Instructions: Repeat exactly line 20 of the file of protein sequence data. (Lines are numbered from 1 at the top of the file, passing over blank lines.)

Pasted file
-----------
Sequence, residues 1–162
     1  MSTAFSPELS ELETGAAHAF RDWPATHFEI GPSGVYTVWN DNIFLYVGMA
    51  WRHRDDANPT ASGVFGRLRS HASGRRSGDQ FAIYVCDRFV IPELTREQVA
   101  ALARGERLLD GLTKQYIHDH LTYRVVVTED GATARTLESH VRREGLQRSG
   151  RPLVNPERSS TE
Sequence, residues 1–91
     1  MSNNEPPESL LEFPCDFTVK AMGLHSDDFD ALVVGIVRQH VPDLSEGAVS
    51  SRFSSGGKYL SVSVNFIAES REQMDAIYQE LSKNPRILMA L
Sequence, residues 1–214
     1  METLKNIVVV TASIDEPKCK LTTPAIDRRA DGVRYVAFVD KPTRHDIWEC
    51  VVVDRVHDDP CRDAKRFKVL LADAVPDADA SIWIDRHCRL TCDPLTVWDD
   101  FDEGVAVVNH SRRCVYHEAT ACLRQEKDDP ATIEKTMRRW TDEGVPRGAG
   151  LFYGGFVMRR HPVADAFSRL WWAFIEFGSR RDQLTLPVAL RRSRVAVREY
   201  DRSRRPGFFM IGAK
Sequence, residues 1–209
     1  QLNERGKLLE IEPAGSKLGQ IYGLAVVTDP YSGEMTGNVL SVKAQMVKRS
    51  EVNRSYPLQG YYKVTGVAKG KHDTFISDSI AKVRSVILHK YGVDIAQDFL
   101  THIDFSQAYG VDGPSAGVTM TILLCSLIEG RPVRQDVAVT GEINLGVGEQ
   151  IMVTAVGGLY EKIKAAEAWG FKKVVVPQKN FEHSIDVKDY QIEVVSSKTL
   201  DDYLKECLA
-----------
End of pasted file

   201  DDYLKECLA